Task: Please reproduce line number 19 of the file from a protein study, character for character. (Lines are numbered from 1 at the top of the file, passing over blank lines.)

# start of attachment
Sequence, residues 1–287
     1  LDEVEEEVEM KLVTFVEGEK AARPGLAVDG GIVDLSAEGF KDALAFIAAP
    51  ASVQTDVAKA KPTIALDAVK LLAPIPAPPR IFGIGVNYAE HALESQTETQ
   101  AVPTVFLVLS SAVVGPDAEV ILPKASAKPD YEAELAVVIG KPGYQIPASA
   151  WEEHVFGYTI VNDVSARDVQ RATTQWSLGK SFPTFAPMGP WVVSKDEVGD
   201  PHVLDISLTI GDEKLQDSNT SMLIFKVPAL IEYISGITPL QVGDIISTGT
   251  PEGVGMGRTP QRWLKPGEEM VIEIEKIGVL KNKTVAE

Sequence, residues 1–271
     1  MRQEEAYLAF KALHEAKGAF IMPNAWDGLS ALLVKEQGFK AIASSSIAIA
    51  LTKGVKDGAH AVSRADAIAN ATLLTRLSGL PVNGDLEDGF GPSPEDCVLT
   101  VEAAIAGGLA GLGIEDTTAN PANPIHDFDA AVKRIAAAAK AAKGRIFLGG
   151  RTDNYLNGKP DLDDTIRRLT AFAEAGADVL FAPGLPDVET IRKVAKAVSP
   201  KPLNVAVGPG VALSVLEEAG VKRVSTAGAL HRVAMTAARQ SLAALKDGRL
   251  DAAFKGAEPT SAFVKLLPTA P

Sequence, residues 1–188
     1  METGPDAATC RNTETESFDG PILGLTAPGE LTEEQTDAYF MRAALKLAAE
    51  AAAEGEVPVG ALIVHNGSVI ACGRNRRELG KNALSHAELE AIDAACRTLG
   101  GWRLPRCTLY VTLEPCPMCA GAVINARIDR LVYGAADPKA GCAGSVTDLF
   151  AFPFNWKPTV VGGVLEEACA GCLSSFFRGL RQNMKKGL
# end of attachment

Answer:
   151  AFPFNWKPTV VGGVLEEACA GCLSSFFRGL RQNMKKGL